The largest challenge for the negotiations is that major oil and gas producing countries do not want a treaty that limits their ability to extract and export fossil fuels to make plastic, said Björn Beeler, international coordinator for the International Pollutants Elimination Network. IPEN wants a treaty that places global controls on hazardous chemicals in plastics and ends the rapid growth of plastic production.

“Production is at the center of everything, it’s the reason why this is moving slow. And it’s going to get supercharged,” he said. “It’s not about oceans. It’s more about oil.”

U.S. Sen. Jeff Merkley of Oregon is leading a congressional delegation to Ottawa to advocate for a strong treaty. The U.S. government position, so far, is that nations should take voluntary steps to end plastic pollution, but that is not enough to drive change, Merkley said.

“The underlying reason why the U.S. is not ambitious is we are a fossil gas country,” he said.

ExxonMobil is increasing plastic production. It’s a useful, valuable material that improves the quality of lives around the world, and should replace other materials that emit more greenhouse gases, said Karen McKee, president of ExxonMobil Product Solutions Company and president of the International Council of Chemical Associations.

“That doesn’t mean that we’re not concerned about plastic waste in the environment. We do need to work on that issue,” she said. “But I would separate the production of plastic from the need to manage end-of-use plastic and to improve circularity.”

ExxonMobil broke down more than 45 million pounds of plastic waste last year at its massive complex in Baytown, Texas, through a process known as chemical recycling, McKee said. It plans to add the capability to many of its other manufacturing sites globally.

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Chris Jahn, president and CEO of the American Chemistry Council, the industry trade association, agreed with McKee. The focus should be on eliminating plastic pollution, without eliminating the benefits of plastic, he said.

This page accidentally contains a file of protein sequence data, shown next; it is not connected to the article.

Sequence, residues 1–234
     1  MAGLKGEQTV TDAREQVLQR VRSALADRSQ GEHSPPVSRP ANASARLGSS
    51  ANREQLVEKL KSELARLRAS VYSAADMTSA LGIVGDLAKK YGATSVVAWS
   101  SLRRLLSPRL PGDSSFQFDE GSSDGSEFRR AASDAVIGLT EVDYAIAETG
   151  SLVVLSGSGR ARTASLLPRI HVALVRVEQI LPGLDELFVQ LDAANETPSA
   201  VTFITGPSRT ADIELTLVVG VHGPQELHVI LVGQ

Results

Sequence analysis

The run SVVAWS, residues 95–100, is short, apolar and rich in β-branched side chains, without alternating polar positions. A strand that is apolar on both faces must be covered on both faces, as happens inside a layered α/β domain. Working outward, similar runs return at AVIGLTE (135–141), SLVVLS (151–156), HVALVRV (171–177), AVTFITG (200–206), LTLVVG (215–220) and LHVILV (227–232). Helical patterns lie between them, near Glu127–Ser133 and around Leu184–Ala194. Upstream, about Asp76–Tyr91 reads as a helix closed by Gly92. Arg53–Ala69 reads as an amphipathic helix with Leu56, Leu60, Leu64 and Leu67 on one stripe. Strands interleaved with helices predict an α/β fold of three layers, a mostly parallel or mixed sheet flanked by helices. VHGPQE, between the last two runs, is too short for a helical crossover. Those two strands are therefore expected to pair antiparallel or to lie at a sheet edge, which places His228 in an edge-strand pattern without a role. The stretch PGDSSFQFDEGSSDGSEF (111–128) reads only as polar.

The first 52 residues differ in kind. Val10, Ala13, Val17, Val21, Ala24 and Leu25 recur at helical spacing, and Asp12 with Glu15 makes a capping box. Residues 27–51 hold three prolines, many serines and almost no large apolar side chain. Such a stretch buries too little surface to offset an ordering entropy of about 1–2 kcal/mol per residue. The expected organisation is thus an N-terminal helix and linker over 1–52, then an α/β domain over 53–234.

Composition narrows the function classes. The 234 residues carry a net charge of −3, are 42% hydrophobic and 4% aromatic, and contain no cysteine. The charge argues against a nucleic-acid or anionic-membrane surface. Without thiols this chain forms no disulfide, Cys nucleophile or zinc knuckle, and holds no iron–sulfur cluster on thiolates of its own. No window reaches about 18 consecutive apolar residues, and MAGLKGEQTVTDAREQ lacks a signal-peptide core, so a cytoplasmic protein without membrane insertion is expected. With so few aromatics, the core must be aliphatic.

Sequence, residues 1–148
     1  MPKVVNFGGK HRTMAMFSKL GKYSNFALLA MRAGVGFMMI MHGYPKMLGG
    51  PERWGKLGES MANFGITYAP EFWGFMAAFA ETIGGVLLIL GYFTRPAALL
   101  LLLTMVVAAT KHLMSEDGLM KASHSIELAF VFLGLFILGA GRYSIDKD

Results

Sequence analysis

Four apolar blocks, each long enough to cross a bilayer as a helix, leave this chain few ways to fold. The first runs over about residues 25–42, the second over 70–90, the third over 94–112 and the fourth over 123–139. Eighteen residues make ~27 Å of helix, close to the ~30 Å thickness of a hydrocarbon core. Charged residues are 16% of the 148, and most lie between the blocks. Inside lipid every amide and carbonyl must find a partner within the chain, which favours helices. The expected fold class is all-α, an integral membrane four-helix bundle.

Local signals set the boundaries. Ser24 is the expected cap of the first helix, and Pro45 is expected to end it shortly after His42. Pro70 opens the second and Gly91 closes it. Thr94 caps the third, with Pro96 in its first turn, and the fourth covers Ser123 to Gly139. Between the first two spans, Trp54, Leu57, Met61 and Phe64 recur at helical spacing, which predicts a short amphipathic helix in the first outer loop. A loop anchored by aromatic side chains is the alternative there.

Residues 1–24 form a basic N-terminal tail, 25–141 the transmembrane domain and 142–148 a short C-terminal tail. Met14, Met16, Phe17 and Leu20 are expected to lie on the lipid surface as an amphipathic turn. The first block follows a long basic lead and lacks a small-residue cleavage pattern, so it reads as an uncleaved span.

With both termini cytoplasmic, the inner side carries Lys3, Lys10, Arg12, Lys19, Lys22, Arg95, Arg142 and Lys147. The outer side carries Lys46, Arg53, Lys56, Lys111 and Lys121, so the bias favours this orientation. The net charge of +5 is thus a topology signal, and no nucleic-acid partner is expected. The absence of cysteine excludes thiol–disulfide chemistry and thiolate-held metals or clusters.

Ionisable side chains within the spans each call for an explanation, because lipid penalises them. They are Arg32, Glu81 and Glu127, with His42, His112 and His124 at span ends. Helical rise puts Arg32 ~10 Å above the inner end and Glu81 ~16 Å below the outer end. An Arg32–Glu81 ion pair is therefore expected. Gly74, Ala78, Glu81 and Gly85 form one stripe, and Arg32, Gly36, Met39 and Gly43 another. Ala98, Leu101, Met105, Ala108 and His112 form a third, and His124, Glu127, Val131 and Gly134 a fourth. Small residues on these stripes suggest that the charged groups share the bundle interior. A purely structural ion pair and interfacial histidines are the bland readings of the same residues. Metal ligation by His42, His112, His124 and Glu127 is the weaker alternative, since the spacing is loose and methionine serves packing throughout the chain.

When the treaty talks began in Uruguay in December 2022, factions quickly came into focus. Some countries pressed for global mandates, some for voluntary national solutions and others for both. Progress was slow during Paris talks in May 2023 and in Nairobi in November.

But there’s still enough time to advance an ambitious treaty, said Alexis Jackson, who will lead a delegation from The Nature Conservancy in Ottawa. The Nature Conservancy, Greenpeace and other environmental advocates believe the treaty must reduce the amount of plastic that is produced and used in order to end plastic pollution.

“We’re more than halfway through the process now so we have an undeniably large amount of work to do,” Jackson said. “But, I think that we can make change happen even when it’s difficult.”

Andersen, at the United Nations, also is optimistic there will be a meaningful treaty this fall at the final meeting in South Korea.

“Everybody wants this treaty,” she said. “There is a global demand for this, for a solution.”

The Associated Press’ climate and environmental coverage receives financial support from multiple private foundations. AP is solely responsible for all content. Find AP’s standards for working with philanthropies, a list of supporters and funded coverage areas at AP.org.